At a meeting of tho Committee of the ." Victorian Agricultural Society a quostion interesting to breeders arose. The members ' were asked to determine whether a horse, the produce of a mare which left England 9 in foal, but foaled in Australia, was im ported or colonial. It was decided that it 1 was Australian. Another moot point was 3 also discussed. This was, who should be s considered the breeder of a foal whoso dam I had been sold previous to its birth; and it ■ was determined that the owner of the mare at the time the foal was born should be re- ' garded as (he breeder. The members of J tho Committee took the common sense view ' of each case, and determined accordingly. t The owner of Old Joo, tho Liverpool • Grand National winner, gave tho wholo of 1 tho stakes, some £1,200, to Skelton, the , jockey, an even £1,000 to Mulcaster, and [ £20 to every man in the stable. Tho horse [ was originally disposed of by tho gentleman ; who had him for the small sum of £30. He r is remarkably well-bred, being by Barefoot, who was by Touchstone's grandson Lord i Clifden, from Stockings, by Stockwell from r Go Ahead by Melbourne; and Spot, the | dam of Old Joe, was got by Chevalier . d'lndnstrie, also a grandson of Touchstone, : from Truth, by the Libel, and thus it will ; be seen that the subject of these remarks is ; inbred to that celebrity Touchstone. 1 Mr R, Howett, the English racing man, who was recently on a visit to Australia, was, on his arrival at Nottingham, near to which town is his place, the Woodbird Manor Stud Farm, interviewed by ' a representative of the "Nottingham Guardian." Mr Howett's reminiscences and 1 opinions of what he saw on Australian racecourses are interesting as coming from one who has been connected with the turf from a boy. "Horse-racing," hesaid, "in Australia, is nothing like that seen on English racecourses. The prevailing idea is that a jockey's duty is to ride hard from start to finish. They race all the journey, and have, so to speak, no idea where the winning-post is." Mr Howett thoroughly agrees that Mr T. Hales is the best professional horseman in Australia, though lacking the finesse of modern English jockeys. Colonial steeplechase jockeys, however, are more to the visitor's liking, as " they ride with more skill, and in dashing style. Moreover, they have something to ride at." After expressing his astonishment at horses running " barefooted " on hard ground, Mr Howett entered into a comparison of the Australian racehorse with his English prototype. He considered Sheet Anchor a nice horse in Australia, but in England he would only rank as a second-class handicap animal, and would be beaten easily. The English racehorses were much better-looking, whilst the Australian was not so fine, nor had It the length and liberty of action which English sportsmen were accustomed to look for, As to trainers, he told many of them that they worked their horses far too severely. A week before a race trainers did three times more work than was allowed at English training quarters, and consequently horses often look jaded, light in the neck, andoverworked when brought out to run. Referring to Australian horses being sent to run in England, and vice versa, he expressed his belief that Australian horses would not be successful if run in England, because they would not be acclimatised ; but.on the other hand, he admitted that English horses in Australia would not by any means carry all before them. He thinks that if it were possible to put a thousand English horses into Australia, fit and well, to run in a month's time, there would not be 50 sound ones amongst the lot. They could not stand the hard ground. Australian horses, the writer added, had all got better legs and feet. Few English horses in Australia, except those imported in their infancy, had woii many races ; but the produce of English sires and mares bad been wonderfully successful. Mr Howett speaks in the most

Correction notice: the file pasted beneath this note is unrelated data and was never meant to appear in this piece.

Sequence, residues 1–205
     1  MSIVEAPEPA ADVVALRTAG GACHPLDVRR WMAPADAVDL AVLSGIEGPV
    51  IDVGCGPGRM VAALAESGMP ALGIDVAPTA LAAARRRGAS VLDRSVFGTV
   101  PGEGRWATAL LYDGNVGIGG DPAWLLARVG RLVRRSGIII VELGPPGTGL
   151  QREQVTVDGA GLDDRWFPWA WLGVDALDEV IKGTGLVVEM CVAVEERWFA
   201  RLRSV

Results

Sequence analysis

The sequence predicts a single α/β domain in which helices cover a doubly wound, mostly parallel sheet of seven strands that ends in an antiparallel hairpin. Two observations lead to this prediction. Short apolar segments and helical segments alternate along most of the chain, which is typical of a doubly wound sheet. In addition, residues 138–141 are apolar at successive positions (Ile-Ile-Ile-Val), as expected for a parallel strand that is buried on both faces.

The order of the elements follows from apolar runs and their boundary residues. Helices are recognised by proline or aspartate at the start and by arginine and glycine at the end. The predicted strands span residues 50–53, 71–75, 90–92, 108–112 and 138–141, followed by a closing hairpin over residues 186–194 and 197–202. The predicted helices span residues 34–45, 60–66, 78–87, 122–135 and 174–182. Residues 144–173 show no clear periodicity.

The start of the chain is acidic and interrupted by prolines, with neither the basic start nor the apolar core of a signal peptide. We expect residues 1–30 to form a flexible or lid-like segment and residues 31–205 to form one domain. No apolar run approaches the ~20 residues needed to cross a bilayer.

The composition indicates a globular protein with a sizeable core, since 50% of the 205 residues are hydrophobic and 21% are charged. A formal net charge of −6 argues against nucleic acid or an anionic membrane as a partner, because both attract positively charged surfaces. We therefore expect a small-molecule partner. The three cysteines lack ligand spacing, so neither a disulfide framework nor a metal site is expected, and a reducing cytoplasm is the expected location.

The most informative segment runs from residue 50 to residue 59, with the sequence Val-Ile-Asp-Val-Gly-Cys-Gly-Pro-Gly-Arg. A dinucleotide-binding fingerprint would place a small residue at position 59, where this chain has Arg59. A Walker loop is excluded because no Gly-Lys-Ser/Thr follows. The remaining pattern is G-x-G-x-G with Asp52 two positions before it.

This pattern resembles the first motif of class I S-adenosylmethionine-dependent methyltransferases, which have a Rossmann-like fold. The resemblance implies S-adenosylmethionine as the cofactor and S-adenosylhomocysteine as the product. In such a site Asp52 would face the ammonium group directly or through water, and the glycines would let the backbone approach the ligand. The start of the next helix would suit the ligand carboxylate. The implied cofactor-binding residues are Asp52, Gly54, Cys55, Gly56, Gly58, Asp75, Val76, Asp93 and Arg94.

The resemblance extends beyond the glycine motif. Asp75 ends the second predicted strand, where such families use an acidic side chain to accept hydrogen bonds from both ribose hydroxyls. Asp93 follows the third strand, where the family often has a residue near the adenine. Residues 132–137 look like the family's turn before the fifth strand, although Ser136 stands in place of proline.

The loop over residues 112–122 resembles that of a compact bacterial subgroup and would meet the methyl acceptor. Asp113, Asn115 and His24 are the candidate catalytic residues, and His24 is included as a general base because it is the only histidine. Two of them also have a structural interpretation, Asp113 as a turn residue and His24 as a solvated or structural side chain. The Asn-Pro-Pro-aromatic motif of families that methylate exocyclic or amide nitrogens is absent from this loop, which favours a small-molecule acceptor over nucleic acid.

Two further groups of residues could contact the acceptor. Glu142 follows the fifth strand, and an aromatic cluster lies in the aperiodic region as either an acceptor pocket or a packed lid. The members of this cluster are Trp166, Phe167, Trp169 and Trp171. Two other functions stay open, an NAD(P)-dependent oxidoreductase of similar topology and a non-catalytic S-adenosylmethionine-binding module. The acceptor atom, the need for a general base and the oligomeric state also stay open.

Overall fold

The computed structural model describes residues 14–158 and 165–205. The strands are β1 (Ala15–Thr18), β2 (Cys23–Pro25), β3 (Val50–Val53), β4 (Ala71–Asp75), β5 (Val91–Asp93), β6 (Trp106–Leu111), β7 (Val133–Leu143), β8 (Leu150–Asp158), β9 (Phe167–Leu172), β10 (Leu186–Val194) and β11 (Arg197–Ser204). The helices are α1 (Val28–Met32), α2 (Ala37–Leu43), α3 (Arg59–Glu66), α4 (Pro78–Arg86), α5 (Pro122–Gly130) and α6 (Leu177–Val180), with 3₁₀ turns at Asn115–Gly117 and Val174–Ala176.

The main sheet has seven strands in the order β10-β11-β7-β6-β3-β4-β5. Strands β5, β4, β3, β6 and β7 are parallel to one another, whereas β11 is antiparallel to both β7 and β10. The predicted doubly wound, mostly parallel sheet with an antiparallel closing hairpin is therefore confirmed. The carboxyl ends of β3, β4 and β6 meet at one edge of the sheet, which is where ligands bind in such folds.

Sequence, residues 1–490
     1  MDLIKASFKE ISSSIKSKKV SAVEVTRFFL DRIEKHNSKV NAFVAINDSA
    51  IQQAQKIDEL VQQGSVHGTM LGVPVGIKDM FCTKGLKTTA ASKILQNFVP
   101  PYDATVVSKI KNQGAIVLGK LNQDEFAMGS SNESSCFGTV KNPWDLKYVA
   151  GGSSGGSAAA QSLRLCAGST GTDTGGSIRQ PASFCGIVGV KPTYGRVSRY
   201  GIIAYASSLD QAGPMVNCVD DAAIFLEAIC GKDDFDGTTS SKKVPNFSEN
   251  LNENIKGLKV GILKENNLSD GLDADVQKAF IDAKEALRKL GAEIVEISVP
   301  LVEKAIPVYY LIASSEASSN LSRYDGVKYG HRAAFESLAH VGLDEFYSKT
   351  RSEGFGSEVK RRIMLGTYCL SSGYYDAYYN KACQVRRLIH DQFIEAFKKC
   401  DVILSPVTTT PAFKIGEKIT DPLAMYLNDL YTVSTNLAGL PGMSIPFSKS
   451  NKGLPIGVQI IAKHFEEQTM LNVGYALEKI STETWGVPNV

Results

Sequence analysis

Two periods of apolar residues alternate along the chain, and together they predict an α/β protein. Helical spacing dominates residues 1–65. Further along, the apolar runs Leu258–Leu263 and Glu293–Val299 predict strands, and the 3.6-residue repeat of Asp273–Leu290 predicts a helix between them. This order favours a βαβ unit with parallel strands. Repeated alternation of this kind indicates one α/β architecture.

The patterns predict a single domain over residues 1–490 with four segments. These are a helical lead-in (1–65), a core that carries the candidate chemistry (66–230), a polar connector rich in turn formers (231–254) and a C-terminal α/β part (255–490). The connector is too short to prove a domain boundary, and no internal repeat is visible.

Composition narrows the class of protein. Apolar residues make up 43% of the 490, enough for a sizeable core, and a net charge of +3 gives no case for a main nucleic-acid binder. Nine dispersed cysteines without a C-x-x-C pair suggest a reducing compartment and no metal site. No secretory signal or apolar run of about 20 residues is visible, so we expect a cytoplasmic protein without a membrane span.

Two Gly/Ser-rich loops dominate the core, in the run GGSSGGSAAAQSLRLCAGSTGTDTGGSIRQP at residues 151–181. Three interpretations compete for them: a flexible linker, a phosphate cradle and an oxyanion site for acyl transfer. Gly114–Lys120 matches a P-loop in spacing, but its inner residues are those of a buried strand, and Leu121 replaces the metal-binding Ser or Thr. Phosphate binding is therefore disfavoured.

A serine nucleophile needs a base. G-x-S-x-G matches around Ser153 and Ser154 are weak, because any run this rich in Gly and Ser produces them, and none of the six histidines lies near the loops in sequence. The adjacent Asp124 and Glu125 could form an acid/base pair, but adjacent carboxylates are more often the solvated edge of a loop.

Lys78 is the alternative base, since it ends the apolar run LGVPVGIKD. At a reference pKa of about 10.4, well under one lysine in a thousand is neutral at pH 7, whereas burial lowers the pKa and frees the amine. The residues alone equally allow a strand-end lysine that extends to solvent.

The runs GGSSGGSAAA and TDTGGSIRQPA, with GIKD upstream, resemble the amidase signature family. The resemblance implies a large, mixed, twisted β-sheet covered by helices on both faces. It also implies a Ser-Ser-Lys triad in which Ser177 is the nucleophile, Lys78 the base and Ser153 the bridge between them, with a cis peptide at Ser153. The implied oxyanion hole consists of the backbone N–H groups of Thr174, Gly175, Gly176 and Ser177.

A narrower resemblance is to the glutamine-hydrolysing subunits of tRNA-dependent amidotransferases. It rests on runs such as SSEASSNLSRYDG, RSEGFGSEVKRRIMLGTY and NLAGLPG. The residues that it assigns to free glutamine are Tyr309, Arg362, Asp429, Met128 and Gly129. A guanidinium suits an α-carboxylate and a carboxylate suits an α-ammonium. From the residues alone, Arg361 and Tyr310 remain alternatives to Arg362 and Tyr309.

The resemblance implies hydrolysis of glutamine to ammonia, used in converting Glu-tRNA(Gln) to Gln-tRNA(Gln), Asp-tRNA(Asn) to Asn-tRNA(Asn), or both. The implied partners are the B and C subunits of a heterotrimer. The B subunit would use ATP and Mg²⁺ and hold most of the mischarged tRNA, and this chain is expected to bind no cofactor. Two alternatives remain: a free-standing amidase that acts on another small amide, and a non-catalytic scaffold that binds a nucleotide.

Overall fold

laudatory terms of the various Australian stud farms. The foals and yearlings, he thought, as a ruie, better than those he found in England. The most extensive stud farm he ever saw in his life was Mr Andrew Town's. Referring to the last Melbourne Cup, he remarked that the scene just before the race was one of the grandest he ever witnessed in racing. Amongst so many P9ople, estimated from 110,000 to 140,000, he never saw a drunken or disorderly person.

During the last English racing season, the fabulous sum of £446,427 8s was won in races and matches, so it is no wonder that thoroughbreds fetch fancy prices in the old country when such an' enormous sum is annually devoted to prizes. Of the £446,427 8s the two-years-olds won £165,424 15s ; throo-yeura-oldf, £145,512 16s ; and four-years-olds and upward, £135,489 17s During the year 2031 different horses ran at 119 meetings held "under the rules of racing," and 810 of these won races. The numberof starters in all theraces was 10,342. The horses which won most money were : The Bard £9,183 9s, Bendigo £4,451 15s, Bird of Freedom £4,757, Gay Hermit£4,939, Kendal £4,053, Melton £11,435, Minting £7,396, Modwena £5,492, Paradox £7,352, Philosophy £6,514, Saraband £6,833.

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TURF GOSSIP., Auckland Star, Volume XVII, Issue 124, 29 May 1886

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TURF GOSSIP. Auckland Star, Volume XVII, Issue 124, 29 May 1886